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29 October 2014
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Changing your work culture

An increasing number of companies are reviewing their family-friendly policies. See how you can make a difference in your workplace.

What you can do

Even if you work for a company with practices that feel like they're from the 1980s (all work, no play), chances are you're surrounded by a working culture that's at least open to the idea of change.

What and how much you can do to change your working culture depends on what your job is, and who your employers are. If you're a junior clerk working for a lawyer whose family-friendly policies haven't moved on since Victorian times, you're obviously up against it more than if you're a senior manager just back from maternity leave in a company genuinely committed to change. But everyone can try to make some changes.

One London City firm allowed employees to work extra hours early in the week, then take a half-day off on Friday. Although it was designed to help working parents, even those without children welcomed it as a great step forward. In two years, the company turned around a severe recruitment problem and employees who were regularly headhunted said they'd prefer to stay put.

Try some of the following to bring about change in your workplace.

Set up a parents' group

Many companies are willing to think about moving in the right direction, but lack the expertise to know what's needed. What they need is a parents' group - a body of employees who juggle the needs of work and family, and can provide ideas on how to make a real change for working parents.

Getting together a group of like-minded people shouldn't be difficult and you'll find you're a lot stronger together than individually.

Once you've got the beginnings of the group together, talk with managers in your section about what your group could achieve and why it's important. Stress that having the group won't be a threat to the company, but an opportunity to improve morale and production.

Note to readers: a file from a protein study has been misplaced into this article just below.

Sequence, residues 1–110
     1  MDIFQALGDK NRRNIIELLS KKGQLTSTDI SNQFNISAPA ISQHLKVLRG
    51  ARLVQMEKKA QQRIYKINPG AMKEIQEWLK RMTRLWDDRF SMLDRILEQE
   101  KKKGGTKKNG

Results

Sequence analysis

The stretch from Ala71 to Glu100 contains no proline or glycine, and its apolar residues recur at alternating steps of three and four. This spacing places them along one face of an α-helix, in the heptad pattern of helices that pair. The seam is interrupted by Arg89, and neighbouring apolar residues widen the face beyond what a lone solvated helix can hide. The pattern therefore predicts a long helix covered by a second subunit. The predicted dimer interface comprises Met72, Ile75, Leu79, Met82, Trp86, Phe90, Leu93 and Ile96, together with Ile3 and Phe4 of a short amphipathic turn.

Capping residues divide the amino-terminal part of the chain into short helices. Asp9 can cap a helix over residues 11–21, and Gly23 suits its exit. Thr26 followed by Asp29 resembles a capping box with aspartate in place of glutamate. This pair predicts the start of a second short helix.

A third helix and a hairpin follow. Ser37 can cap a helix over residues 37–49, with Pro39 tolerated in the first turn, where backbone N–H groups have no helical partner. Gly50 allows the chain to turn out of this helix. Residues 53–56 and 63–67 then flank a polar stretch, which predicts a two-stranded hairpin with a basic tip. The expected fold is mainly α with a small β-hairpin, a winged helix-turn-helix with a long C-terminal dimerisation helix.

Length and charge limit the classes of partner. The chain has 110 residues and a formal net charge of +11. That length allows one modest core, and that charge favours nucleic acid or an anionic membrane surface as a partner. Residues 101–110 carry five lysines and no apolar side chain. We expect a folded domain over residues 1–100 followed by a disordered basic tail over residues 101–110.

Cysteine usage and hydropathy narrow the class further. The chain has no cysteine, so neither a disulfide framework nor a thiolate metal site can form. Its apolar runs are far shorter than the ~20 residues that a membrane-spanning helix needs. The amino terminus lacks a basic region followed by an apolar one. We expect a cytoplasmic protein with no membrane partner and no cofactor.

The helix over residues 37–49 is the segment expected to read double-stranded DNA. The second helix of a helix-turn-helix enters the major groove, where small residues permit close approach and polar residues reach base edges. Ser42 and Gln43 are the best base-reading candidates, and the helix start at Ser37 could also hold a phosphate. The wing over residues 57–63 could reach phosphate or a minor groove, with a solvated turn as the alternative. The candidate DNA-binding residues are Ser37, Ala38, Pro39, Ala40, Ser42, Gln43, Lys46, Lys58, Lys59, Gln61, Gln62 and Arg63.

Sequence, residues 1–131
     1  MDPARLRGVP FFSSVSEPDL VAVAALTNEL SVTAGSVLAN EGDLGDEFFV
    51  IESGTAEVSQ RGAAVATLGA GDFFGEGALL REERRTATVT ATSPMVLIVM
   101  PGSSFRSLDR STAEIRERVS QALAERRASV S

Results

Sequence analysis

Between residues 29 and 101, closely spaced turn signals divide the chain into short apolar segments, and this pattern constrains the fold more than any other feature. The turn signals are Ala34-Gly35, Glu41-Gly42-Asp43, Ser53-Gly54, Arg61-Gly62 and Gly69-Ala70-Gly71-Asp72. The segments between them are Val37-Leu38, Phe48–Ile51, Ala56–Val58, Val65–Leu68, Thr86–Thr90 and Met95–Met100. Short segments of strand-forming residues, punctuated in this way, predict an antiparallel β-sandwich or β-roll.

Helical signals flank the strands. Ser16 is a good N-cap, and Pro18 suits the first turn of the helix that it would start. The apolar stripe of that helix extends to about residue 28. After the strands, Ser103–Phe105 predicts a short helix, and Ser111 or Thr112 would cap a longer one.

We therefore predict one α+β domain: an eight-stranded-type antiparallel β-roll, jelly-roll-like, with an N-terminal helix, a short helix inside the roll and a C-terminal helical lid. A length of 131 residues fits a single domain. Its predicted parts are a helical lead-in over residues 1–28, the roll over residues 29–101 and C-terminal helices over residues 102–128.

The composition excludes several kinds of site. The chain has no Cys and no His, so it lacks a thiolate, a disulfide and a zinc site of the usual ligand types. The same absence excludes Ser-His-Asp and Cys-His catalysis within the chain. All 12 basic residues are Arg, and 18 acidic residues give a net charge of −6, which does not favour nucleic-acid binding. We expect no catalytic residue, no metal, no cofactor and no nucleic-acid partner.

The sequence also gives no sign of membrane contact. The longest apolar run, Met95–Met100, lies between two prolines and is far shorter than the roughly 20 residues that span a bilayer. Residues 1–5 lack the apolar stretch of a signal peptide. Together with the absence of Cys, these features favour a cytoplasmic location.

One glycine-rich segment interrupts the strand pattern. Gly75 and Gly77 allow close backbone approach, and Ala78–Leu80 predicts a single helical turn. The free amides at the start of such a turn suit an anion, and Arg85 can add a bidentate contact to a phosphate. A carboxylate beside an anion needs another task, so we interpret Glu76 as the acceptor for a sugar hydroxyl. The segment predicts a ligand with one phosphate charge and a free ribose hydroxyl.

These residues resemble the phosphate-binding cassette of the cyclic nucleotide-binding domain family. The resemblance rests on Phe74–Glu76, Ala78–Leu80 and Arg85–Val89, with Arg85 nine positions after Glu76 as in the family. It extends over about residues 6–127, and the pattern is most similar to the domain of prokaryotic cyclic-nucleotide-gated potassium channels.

Spread the word

Lots of companies have improved productivity and retained skilled personnel because of family-friendly working practices. You can find examples in the trade press, business sections of daily newspapers and from organisations such as Working Families (see Related links).

Collect clippings and show them to the people who count where you work. Display these success stories on notice boards so everyone sees what can be achieved. Also keep copies on file so you can refer to them in meetings.

Be positive

Be as positive as you can about your situation. Instead of grumbling, explain which things could be better and how. Managers aren't interested in gripes unless they're the preamble to a solution that will improve things for everyone.

The great thing about family-friendly practices is that they work

The great thing about family-friendly practices is that they work - and employers as well as employees benefit from them. All you need to do is work out the strategies and make your case.

On an individual level, encourage those around you who seem to achieve a good work-life balance. If you're in a managerial position, never criticise or allow criticism of a colleague who leaves work at an agreed time for family commitments. This is good family-friendly working, and it should be aspired to!

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